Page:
2014-01-29

More On In-Fighting

Apropos of something I must be unaware of, Steve Horwitz recently linked to this old post at Bleeding Heart Libertarians. That link, in turn, discusses the essay found on page 34 of this pamphlet, available at Mises.org.

First, let me quote a few passages from the Rockwell essay. To avoid confusion, I want to begin by making clear that I object to all of the above links, and the following passages are things that I find highly problematic.

Paleo-Libertarianism
To wit, Rockwell writes:
Pornographic photography, "free"-thinking, chaotic painting, atonal music, deconstructionist literature, Bauhaus architechture, and modernist films have nothing in common with the libertarian political agenda - no matter how much individual libertarians may revel in them. In addition to their aesthetic and moral disabilities, these "art forms" are political liabilities outside Berkeley and Greenwich Village.
I wonder if Rockwell would defend this passage today, if pressed to do so. Are we really to believe that if I enjoy listening to one of Schoenberg's serial compositions, I'm against libertarianism? That's a tough pill to swallow. Could Rockwell himself swallow it? Never mind that, actually, I have a better question: Could Rockwell provide a cogent argument for why Schoenberg is a "political liability?"

Later (emphasis mine):
Too many libertarians also join liberals in using the charge of racism to bash non-conformists. It may be scientifically false to believe, for example, that Asians are more intelligent than whites, but can it really be immoral? From a libertarian perspective, the only immorality would be to seek State recognition of this belief, whether correct or incorrect.
This is truly remarkable, and would be laughable, were it not an idea that keeps popping up in the blogosphere. But on a related note, Rockwell further writes:
From a Christian viewpoint, it is certainly wrong to treat someone unjustly or uncharitably as a result of racial beliefs. It is also wrong to treat someone unjustly or uncharitably because he's bald, hairy, skinny, or fat. But can it be immoral to prefer the company of one to the other?
Good question. Is it immoral to prefer hanging out with bald people versus people who are not bald? Is it immoral to choose one's private associations based on superficial physical traits? I wonder what Rockwell would say, if I asked him.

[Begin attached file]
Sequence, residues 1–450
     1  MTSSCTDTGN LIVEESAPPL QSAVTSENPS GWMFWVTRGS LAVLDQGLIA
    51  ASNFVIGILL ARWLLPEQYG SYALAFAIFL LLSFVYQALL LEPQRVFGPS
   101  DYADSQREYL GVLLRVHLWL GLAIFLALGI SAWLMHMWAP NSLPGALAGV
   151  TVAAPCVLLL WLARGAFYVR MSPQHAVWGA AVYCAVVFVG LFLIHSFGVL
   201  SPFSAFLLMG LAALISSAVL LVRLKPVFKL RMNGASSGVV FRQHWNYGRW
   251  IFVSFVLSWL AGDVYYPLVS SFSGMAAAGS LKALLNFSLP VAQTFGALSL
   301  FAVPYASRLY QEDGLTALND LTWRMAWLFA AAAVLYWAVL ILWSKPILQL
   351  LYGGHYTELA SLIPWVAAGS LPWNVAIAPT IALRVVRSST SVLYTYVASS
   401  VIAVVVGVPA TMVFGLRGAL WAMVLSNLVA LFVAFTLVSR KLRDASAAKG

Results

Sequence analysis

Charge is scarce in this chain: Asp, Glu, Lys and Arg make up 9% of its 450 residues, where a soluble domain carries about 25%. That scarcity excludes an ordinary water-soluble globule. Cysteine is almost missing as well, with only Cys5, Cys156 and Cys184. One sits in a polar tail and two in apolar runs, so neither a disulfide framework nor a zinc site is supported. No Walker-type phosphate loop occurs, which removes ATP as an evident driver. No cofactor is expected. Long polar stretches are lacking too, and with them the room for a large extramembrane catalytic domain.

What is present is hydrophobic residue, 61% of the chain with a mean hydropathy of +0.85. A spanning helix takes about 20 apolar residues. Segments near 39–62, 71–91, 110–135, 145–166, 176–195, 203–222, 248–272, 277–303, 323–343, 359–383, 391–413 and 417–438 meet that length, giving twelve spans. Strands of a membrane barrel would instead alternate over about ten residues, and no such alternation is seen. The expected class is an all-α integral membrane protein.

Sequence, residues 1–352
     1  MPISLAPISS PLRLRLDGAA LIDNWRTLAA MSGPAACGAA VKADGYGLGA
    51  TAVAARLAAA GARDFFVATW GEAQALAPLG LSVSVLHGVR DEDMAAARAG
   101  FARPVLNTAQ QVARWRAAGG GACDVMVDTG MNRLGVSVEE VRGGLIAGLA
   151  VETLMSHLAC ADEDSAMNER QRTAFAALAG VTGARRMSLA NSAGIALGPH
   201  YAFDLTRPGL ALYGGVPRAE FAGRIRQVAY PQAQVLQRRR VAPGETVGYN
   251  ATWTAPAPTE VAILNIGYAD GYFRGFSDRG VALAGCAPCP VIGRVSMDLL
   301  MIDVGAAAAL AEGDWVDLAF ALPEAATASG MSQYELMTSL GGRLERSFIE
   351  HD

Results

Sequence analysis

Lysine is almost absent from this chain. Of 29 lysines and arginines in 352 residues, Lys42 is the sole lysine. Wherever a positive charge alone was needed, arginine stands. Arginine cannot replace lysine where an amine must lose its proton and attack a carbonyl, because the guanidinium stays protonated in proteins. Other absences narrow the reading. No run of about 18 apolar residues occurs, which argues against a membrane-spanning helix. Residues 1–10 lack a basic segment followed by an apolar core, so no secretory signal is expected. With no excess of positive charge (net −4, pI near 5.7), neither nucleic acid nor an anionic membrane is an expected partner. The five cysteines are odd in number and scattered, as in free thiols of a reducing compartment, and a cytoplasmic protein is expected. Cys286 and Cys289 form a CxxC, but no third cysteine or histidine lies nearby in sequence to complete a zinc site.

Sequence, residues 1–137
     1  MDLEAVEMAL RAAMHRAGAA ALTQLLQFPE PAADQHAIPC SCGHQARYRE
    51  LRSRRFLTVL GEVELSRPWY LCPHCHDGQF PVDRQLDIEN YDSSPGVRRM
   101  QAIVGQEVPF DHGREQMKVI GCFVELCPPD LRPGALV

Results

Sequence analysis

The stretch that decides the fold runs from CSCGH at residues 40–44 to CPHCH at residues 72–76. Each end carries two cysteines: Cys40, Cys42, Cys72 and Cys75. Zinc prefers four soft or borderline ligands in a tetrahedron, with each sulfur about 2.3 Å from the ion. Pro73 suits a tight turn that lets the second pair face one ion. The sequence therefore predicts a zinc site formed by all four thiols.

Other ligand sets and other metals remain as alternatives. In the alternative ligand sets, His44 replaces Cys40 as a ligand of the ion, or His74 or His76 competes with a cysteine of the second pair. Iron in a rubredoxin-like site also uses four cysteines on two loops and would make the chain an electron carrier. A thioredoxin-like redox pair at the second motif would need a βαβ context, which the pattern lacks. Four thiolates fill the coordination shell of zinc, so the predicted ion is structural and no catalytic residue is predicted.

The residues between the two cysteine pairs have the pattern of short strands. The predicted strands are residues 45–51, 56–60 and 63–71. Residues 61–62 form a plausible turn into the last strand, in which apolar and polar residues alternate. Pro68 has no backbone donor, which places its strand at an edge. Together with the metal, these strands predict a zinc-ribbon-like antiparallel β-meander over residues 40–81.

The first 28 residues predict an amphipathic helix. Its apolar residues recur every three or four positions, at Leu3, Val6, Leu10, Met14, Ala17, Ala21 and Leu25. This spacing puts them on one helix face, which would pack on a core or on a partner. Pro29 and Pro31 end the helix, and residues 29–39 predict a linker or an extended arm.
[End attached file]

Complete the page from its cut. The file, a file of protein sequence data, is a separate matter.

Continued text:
(Of course, the clever criticism of the above passage is that it is not merely wrong to treat someone unjustly or uncharitably as a result of inherent racism. Indeed, it is universally so, regardless of whether one is a Christian or a member of some other religion. Every religion preaches racial equality, every last one of them.)

And finally:
Libertarianism is widely seen as anti-force. But force will always be necessary to defend against wrong-doers and to administer justice. Libertarianism opposes aggression against the innocent, not coercion in general.
Rockwell insists that coercion is necessary and appropriate, so long as the victim is not innocent. That's unsettling for many reasons, but to me the most compelling reason is the possibility that such a policy in practice could very easily get out of hand.

The above passages are, in my opinion, the most offensive in the Rockwell pamphlet.

Horwitzism
Having said all that, I must confess that I read Horwitz's post first, and was under the impression that Rockwell's essay would be far more offensive than it turned out to be.

Hearing an old, bearded, white man extol the virtues of conservative Christian, Anglo-Saxon culture is not exactly news. For one thing, you'll find similar expositions at iSteve, Anti-Gnostic, Chateau Heartiste, and so on. To be sure, there are a lot of praiseworthy aspects of Western culture, and there should be nothing wrong in plainly acknowledging them. But Rockwell doesn't seem to want to keep the good and toss the bad (and there is a lot of bad in every culture) when he writes that "Western civilization [is] eminently worthy of preservation and defense" (emphasis mine).

"Preservation and defense" begs the question how will we "preserve and defend" Western civilization, if not by practicing exclusion? Surely we all agree that the great works of Isaac Newton, Plato, Des Cartes, et al., ought to be preserved for as long as humans can learn from them, and defended against being destroyed. But even my friends born in Africa or Asia would agree with that. Thus, this is clearly not the kind of "preservation and defense" Rockwell has in mind.

I agree with Horwitz that far, at least. But Horwitz writes:
As Jacob [Levy] says, the attempt to court the right through appeals to the most unsavory sorts of arguments was a conscious part of the “paleolibertarian” strategy that Lew Rockwell and Murray Rothbard cooked up in the late 1980s. What’s happening right now is that the chickens of that effort are coming home to roost with large external costs on all of us as libertarians.
And later:
Even after the paleo strategy was abandoned, Ron was still there walking the line between “mainstream” libertarianism and the winking appeal to the hard right courted by the paleo strategy. Paul’s continued contact with the fringe groups of Truthers, racists, and the paranoid right are well documented. Even in 2008, he refused to return a campaign contribution of $500 from the white supremacist group Stormfront. You can still go to their site and see their love for Ron Paul in this campaign and you can find a picture of Ron with the owner of Stormfront’s website. Even if Ron had never intentionally courted them, isn’t it a huge problem that they think he is a good candidate? Doesn’t that say something really bad about the way Ron Paul is communicating his message?